Saturday, November 28, 2009

August: Osage County by Tracy Letts

The Zero by Jess Walter


Best book about September 11 that I've seen so far.

I could not put it down, but still felt peckish and discerning as if
something in the narrative tension lessened along the way. The first half was very classic modern noir, sort of Jonathan Lethem, GUN WITH OCCASIONAL MUSIC and the film MEMENTO, but the second half dissolved into Delillo-ish trumped-up profundities. I missed his partner's presence (he jumps back in at the very end, but I liked him a lot), and I just sort of auto- read after I realized that the plot was also, ultimately, going to be beyond the protagonist's grasp too.

The Believers by Zoe Heller

The People on Privilege Hill by Jane Gardham

The Elegance of the Hedgehog

Citizen Vince by Jess Walter


I could not put it down, but still felt peckish and discerning as if
something in the narrative tension lessened along the way. The first half was very classic modern noir, sort of Jonathan Lethem, GUN WITH OCCASIONAL MUSIC and the film MEMENTO, but the second half dissolved into Delillo-ish trumped-up profundities. I missed his partner's presence (he jumps back in at the very end, but I liked him a lot), and I just sort of auto- read after I realized that the plot was also, ultimately, going to be beyond the protagonist's grasp too.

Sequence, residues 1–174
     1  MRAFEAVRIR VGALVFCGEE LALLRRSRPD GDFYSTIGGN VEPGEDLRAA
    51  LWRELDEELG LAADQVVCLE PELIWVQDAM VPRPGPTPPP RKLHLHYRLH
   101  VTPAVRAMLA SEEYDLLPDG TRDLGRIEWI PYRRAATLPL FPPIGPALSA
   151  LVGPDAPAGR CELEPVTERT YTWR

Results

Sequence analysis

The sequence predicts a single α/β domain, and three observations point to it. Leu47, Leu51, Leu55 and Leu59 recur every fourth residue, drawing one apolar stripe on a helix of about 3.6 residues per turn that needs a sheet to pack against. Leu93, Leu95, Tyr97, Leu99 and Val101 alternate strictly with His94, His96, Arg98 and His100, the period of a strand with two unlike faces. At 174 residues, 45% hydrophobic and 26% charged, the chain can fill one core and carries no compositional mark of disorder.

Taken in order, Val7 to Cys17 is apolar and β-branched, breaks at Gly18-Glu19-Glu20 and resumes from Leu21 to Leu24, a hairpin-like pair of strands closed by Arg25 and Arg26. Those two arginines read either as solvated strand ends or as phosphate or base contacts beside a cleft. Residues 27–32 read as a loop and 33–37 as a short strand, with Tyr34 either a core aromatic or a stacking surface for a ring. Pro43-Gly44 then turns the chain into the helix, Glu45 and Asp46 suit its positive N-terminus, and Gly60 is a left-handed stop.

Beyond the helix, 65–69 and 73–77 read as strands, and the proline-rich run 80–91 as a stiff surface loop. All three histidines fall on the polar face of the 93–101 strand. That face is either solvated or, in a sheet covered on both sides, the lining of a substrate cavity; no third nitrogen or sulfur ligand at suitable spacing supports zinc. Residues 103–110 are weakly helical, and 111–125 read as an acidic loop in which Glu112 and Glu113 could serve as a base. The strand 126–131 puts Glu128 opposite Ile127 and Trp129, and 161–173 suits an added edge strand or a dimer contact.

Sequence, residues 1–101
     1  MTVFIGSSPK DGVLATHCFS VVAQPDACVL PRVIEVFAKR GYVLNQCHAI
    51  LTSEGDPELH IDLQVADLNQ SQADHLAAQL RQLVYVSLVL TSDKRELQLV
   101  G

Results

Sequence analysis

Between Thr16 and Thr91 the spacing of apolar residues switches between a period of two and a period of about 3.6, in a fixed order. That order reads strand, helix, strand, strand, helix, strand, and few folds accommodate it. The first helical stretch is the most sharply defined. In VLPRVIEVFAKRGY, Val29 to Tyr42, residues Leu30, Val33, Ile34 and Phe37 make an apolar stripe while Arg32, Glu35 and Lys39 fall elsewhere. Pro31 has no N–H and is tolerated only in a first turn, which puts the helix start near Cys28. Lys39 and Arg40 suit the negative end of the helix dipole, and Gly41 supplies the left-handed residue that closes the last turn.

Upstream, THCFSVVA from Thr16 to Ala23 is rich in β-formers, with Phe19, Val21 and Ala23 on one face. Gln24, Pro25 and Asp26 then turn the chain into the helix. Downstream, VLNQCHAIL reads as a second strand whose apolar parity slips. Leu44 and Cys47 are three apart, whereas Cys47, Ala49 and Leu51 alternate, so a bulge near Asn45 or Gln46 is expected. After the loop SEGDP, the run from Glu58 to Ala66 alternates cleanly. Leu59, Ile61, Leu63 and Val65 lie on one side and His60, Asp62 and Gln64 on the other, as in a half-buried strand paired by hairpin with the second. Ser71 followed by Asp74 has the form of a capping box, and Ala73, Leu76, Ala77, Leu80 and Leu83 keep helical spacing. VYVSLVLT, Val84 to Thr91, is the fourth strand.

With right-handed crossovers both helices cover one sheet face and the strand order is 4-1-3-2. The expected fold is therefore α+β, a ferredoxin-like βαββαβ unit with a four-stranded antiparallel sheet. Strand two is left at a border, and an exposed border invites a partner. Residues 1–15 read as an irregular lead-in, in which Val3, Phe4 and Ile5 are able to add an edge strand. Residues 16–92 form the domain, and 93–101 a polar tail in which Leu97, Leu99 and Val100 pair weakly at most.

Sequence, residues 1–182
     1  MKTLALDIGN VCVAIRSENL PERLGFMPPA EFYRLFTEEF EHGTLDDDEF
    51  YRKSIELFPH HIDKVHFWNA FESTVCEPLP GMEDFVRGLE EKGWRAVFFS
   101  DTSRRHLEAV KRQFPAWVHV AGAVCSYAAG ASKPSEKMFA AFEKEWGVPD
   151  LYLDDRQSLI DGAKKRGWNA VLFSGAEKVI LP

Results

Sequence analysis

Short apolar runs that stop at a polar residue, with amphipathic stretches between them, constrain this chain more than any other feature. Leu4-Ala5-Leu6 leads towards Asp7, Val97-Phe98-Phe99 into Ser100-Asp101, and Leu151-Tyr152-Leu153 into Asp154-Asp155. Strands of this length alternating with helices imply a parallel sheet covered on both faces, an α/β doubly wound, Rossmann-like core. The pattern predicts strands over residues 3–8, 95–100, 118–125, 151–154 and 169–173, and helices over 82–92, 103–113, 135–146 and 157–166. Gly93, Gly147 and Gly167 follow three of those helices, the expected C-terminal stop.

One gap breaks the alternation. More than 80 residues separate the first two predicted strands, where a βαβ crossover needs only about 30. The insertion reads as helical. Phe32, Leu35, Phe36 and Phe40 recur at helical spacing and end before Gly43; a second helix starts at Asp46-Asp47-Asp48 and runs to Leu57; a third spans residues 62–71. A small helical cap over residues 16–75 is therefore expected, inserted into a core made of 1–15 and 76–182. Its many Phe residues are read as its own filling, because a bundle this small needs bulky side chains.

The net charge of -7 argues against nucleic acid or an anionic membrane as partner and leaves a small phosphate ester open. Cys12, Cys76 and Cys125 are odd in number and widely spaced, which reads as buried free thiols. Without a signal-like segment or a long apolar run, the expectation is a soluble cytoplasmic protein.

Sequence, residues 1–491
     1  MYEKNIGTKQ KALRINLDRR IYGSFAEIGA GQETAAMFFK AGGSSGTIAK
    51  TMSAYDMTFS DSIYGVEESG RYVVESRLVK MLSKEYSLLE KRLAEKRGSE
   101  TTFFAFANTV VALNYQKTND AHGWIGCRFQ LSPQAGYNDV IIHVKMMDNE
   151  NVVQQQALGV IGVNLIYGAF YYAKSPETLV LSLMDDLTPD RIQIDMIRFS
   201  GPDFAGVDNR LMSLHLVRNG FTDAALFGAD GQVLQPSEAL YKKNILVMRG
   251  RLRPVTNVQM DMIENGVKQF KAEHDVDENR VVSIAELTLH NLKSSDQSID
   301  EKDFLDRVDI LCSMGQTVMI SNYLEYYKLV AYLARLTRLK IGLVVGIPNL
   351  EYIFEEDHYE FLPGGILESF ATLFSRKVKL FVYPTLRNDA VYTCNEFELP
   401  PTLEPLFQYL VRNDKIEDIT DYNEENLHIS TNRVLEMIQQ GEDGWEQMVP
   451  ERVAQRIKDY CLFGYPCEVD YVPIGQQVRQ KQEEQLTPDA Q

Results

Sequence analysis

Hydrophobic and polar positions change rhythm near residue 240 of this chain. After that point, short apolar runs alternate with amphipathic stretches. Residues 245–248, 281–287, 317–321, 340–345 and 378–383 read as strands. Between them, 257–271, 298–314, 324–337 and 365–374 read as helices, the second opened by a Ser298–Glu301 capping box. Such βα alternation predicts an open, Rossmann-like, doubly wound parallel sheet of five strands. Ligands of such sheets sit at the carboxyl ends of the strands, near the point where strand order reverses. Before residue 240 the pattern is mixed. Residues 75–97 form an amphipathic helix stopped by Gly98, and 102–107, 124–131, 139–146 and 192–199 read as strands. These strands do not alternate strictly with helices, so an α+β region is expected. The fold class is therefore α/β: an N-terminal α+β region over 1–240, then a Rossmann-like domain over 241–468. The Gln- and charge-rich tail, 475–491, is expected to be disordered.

The Prisoner tv series

Inherent Vice by Thomas Pynchon


it's crazy accessible and friendly and funny.
What gives with the guy? Last novel made me so very angry.

I’m halfway through and he’s still introducing new characters every page or so, it’s a pastiche of a satire of a crazy board game, but at least it’s finishable (he says, not finishing it just yet.)

it’s Pynchon-lite, for sure, but eminently get-through-able, which has never been his affliction. and the old-LA-nostalgia-ness of it rings true. Plus, it’s like the detailed novel THE BIG LEBOWSKI never came from – and reminded me of you through and through. it’s a pastiche of a cartoon of a satire of a board game – you constantly have to refer to the instructions the whole time through, just to know where you are – but still, it’s a dish, and he’s 72, so who knows what else he’ll write.